Commonwealth Integration and Nigeria’s Foreign Policy, 1999-2007 : Current School News

Commonwealth Integration and Nigeria’s Foreign Policy, 1999-2007

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Commonwealth Integration and Nigeria’s Foreign Policy, 1999-2007.

ABSTRACT

This study examines the interface between the Commonwealth integration and Nigerian foreign policy. The thrust of the study however is to ascertain whether the enthronement of democracy in Nigeria has significantly impacted on Nigeria’s Common-wealth economic relations.

The study also investigates the extent to which the frameworks of democracy have enabled the Commonwealth impact on social welfare in Nigeria.

Relying on Dependency theory derived from the political economy paradigm which focuses on the socio-economic dynamics of metropolitan and peripheral countries the study argues that the developing countries are still tied to the apron string of their former imperial master in a more subtle manner than was the case during the period of naked and direct colonialism.

As such, the benefits of international economic relations between the two sets of countries are distributed asymmetrically in favour of the metropolitan countries.

This continued asymmetry in the distribution of benefits, the study maintains, forms a basically exploitative relationship between the dominant and dependent states. Adopting observational technique and depending on secondary sources, relevant data were generated and analyzed.

On the basis of this, the study unveiled that though the frameworks of democracy have positively improved the Commonwealth – Nigeria relations, such have neither enhanced significantly the economic relations with Nigeria nor contributed in improving social welfare of the citizenry.

Therefore, granting that the Commonwealth of Nations comprise sovereign countries that use the framework of the organization to pursue their national interest unmindful of the interest of other members, the study maintains that the developing member countries of the Commonwealth should synchronize their interests and as such foster and enhance relations among them also.

TABLE OF CONTENTS

Title Page…………..…….i
Approval Page…………..…ii
Dedication………………iii
Acknowledgements……………..iv
Table of Contents…………v
Abstract………………..….vii

CHAPTER ONE: INTRODUCTION

1.1 Introduction……………………….…1
1.2 Statement of Problem……….….4
1.3 Objectives of Study………….…6
1.4 Significance of Study……….……..7
1.5 Literature Review…………8
1.6 Theoretical Framework………….22
1.7 Hypotheses………….25
1.8 Method of Data Collection ………………25

CHAPTER TWO: DEMOCRATIZATION AND THE STRUCTURE OF NIGERIA COMMONWEALTH ECONOMIC RELATIONS

2.1 Commonwealth and Democratization Process in Nigeria……………………32
2.2 Nigeria-Commonwealth Relations and the Promotion of Economic Development and Trade Initiatives in Nigeria…35
2.3 Commonwealth and the Patterns of Direct Investment in Nigeria…………..45

CHAPTER THREE: SOCIAL WELFARE AND NIGERIA COMMONWEALTH RELATIONS

3.1 Commonwealth and Promotion of Education and Capacity-Building in Nigeria ..51
3.2 Commonwealth Programmes and Poverty alleviation in Nigeria…………..59
3.3 Commonwealth and the Fight against HIV/AIDS in Nigeria……………….68

CHAPTER FOUR: FRAMEWORKS OF DEMOCRATIZATION AND NIGERIA-COMMONWEALTH RELATIONS

4.1 The Millbrook Commonwealth Action Programme: Implications for Nigeria Foreign Policy………..73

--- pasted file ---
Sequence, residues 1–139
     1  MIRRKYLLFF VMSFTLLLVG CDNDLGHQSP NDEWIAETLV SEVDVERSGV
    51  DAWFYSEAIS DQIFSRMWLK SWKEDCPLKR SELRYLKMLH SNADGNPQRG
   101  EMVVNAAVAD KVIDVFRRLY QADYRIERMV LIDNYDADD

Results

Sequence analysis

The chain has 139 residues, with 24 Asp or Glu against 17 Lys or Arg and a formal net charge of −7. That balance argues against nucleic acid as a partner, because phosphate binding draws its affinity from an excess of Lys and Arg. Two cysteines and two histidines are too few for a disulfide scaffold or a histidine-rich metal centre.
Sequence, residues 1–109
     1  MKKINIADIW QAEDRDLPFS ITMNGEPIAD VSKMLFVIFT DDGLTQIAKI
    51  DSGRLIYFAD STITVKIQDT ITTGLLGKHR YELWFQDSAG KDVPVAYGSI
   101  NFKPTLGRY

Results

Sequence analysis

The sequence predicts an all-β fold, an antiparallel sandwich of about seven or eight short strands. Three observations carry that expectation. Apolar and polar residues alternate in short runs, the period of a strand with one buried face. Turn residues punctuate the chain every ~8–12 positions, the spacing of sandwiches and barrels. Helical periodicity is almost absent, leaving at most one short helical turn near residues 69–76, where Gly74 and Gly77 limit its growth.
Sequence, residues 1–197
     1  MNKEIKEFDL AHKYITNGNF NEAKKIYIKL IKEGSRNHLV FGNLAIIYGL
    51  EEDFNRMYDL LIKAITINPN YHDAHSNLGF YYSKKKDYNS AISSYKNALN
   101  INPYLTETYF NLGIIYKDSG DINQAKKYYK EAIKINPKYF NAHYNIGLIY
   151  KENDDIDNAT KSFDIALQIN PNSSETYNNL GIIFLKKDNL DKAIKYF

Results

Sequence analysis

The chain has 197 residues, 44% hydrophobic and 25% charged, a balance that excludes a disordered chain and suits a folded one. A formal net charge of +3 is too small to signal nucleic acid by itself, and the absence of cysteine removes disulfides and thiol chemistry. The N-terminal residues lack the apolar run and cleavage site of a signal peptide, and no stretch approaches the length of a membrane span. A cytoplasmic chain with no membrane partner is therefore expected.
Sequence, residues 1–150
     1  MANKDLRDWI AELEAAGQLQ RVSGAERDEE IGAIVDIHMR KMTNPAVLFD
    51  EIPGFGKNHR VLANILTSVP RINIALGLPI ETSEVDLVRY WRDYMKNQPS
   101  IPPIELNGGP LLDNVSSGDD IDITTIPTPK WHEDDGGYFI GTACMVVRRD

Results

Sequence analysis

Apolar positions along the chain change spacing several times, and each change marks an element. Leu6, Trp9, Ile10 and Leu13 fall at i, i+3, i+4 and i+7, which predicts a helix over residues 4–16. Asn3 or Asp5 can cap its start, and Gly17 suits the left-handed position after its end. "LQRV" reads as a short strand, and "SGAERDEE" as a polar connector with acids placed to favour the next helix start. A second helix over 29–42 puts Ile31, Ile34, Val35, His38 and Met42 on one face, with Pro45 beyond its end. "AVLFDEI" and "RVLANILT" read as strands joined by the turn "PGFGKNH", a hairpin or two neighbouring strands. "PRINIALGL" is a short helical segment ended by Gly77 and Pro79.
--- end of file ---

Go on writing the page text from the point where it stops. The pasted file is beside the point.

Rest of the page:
4.2 The Durban Communiqué and the dawn of Nigeria-Commonwealth Relations 80
4.3 CHOGM 2003 and Nigeria-Commonwealth Precious Partnership…………..87

CHAPTER FIVE: SUMMARY, CONCLUSION AND RECOMMENDATION

5.1 Summary…………….95
5.2 Conclusion…..98
5.3 Recommendation………..99
Bibliography…………..101

INTRODUCTION

Historically, the Commonwealth was an evolutionary outgrowth of the British Empire. However, though the evolution of the organization started in 1867 when Canada attained dominion status, it was rather in 1931 when the statute of Westminster was passed that the organization was known as the British Commonwealth of Nations (Osuntokun, 2001: 56).

The Commonwealth of Nations is a free association of sovereign states comprising Great Britain and a number of its former dependencies who had chosen to maintain ties of friendship and practical cooperation and who acknowledged the British Monarch as the symbolic head of their association.

Thus, the ties that bind the Commonwealth are highly diverse. Blood ties provide sentimental attachments to Britain while common judicial and educational systems as well as the use of the English Language as official language provide strong ties for others.

These ties were further cemented and strengthened by trade and investment, currency agreements, population, migrations and sports.

The informal links between the countries of the Commonwealth were further consolidated when in 1965 a Commonwealth Secretariat was established in London and a lean bureaucracy was developed to assist the Secretary-General of the Commonwealth in responding to questions of peace, democracy and development, particularly in the developing member countries in Asia, Pacific, Africa and the Caribbean.

BIBLIOGRAPHY

Anyaoku, E (1999) “The Commonwealth and Africa,” in Raph Uwechue (ed), Africa Today (2nd edition) London: Africa Books Ltd.

Anyaoku, E. (1999) The Missing Headlines: Selected Speeches. Nigeria: Heneiman Educational Books

Asika, N. (2006) Research Methodology in the Behavioural Sciences. Lagos: Longman.

Badejo, A.B. (1989). “Nigeria and India relations, 1960–1985: A study in South- South cooperation”. In Akinyemi, A.B. et al. (Eds.). Nigeria since Independence: The First 25 Years: International Relations. Vol. X. Ibadan: Heinemann Educational Books Ltd.

Ikeagwu, E.K (1998). Groundwork of Research Methods and Procedures. Enugu: Institute of Development Studies.

Ingram, D. (1962) The Commonwealth Challenge. London: George Allen and Unwin Ltd.

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